Our plans for a super early start are scuppered by cosy warm duvets and two many glasses of Stellenbosch Sauvignon Blanc the night before, but we eventually sort out our permit at the Twee Rivieren gate and start the chug up to Mata Mata. The atmosphere in the car is a little subdued this morning and looking across the veld with not even a springbok in sight, I can’t help but wonder whether I’ve made the right call on coming here. I feel the pressure of the children’s expectation as though it were a physical presence in of itself. Granted it’s probably me projecting as they are all kind, fairly easy-going children, but still….
But, as so many people have told me, the Kgalagadi never lets you down. And it certainly doesn’t this time. About 20km out of Twee Rivieren and shortly before the Auchterlonie picnic sight we are treated to the sight of two male cheetah under an Acacia tree. Their bloody nuzzles are rummaging beneath the ribs of a black Wildebeest. Had it not been for the tell-tale teardrop marking on their faces, one could have been forgiven for mistaking these two for leopards with their low slung stomachs fat from the feast.
We stay and quietly watch the pair tear strips of flesh off the carcass and then lazily groom each other in the dappled shade. Three camera’s click wildly and continuously and the cheetahs stay put, seemingly unphased by our presence. It’s a beautiful thing and I am thrilled to be off to a good start.
We arrive at Mata Mata in the early afternoon. We choose our camp site for maximum shade and a good view of the fence and then start to set up camp. Within minutes an angry desert wind wips into camp and stirs the sand into angry fistfuls of grit and dust. The children wrap up like bedouins, scarves tied round their faces, as we battle to keep the canvas steady in the wind and still see what we are doing. The team soldiers on though, the little boys stand on the tent corners like meerkat sentries preventing the canvas from flipping up and away; while the rest of us do battle with a tangle of tent poles and ropes.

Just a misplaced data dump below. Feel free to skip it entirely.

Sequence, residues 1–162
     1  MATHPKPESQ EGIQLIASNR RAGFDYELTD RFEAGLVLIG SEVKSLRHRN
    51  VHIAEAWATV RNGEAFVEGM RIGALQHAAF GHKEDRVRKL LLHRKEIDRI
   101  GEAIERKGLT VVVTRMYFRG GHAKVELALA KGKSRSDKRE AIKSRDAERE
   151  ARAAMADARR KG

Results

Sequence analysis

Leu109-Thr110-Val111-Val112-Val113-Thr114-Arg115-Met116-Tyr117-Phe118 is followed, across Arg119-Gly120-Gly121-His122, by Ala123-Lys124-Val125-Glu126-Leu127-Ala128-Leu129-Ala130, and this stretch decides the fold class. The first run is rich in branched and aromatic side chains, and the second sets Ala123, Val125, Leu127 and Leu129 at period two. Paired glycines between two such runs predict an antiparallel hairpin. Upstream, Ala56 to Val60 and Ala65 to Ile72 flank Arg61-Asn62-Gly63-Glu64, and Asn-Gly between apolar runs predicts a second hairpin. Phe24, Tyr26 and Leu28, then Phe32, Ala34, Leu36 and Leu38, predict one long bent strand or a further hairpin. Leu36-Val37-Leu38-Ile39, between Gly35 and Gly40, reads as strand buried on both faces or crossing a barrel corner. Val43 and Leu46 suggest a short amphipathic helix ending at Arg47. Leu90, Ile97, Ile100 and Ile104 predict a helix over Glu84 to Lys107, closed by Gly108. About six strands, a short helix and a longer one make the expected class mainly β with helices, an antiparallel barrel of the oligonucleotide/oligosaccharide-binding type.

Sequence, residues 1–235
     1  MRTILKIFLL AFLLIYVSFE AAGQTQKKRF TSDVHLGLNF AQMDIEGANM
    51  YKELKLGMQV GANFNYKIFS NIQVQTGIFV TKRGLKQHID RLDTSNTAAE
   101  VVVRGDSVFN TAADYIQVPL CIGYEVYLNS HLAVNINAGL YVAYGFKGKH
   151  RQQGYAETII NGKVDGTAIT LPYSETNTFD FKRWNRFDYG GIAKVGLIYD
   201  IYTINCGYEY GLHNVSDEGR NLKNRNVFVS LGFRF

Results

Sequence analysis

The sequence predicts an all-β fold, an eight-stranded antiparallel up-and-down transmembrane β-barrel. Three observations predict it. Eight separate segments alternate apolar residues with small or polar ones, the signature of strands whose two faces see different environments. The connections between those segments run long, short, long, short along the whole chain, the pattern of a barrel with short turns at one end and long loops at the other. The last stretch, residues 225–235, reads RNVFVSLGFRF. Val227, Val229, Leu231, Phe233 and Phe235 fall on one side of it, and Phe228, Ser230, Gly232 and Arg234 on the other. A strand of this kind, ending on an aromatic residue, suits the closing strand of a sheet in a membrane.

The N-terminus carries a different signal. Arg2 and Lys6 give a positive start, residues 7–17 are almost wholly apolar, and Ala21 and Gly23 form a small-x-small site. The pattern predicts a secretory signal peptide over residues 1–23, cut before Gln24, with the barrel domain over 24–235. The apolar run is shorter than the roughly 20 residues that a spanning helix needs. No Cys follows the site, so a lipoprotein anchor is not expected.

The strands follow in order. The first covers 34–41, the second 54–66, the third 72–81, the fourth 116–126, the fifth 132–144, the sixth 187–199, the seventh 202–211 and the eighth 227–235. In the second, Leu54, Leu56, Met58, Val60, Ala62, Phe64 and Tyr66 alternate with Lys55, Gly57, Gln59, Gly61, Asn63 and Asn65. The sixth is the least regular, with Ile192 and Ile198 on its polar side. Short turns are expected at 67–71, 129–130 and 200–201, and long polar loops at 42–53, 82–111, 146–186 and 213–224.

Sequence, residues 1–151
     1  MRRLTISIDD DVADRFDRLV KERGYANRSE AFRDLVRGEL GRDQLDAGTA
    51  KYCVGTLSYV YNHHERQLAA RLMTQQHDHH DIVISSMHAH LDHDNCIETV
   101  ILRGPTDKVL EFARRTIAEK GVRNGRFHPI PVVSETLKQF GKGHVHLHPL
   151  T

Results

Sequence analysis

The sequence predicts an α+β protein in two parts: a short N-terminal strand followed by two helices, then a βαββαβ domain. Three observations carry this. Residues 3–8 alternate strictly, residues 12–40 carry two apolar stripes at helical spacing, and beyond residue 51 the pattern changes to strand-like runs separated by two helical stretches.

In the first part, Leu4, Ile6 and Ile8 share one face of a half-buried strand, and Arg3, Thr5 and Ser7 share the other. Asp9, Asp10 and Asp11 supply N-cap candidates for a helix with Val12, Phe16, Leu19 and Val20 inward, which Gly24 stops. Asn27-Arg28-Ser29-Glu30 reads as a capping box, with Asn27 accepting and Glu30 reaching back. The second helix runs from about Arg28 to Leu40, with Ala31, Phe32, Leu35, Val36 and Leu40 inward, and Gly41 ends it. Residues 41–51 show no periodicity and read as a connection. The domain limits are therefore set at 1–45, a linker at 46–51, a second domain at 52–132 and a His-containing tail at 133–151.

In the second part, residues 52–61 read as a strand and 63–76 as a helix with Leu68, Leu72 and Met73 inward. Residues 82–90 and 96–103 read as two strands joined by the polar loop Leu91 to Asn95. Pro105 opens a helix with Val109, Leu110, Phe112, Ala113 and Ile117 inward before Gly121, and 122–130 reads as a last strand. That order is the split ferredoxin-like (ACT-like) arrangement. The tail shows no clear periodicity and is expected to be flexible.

Finally we’re up! Granted our tent looks nothing like the sleek military operation of the trio who have just pulled in with their still perfectly white Landrover, complete with two shiny rooftop lockboxes and two perfectly matching dome tents, but everyone has a place to sleep, we have a fire going, the milo is hot and the wine is cold.
Supper is a simple affair of lamb chops and wors, potato and sweetcorn but it fills the hole. Courtesy of big Sis, we have one bag full of sandwiches and fruit for lunch and another one pre-packed with flasks and rusks for breakfast. We all agree that if a dustbath is good enough for the ostrich it’s good enough for us and go to bed without venturing near the showers. Always good to have something to look forward to tomorrow!
Two jackals are yelping at each other in the distance and there is the soft buzz of campsite talk outside. Sounds travels far in the bush and so I hope the gods of the Kalahari can hear me when I thank them for connecting me to this land and for allowing my children in.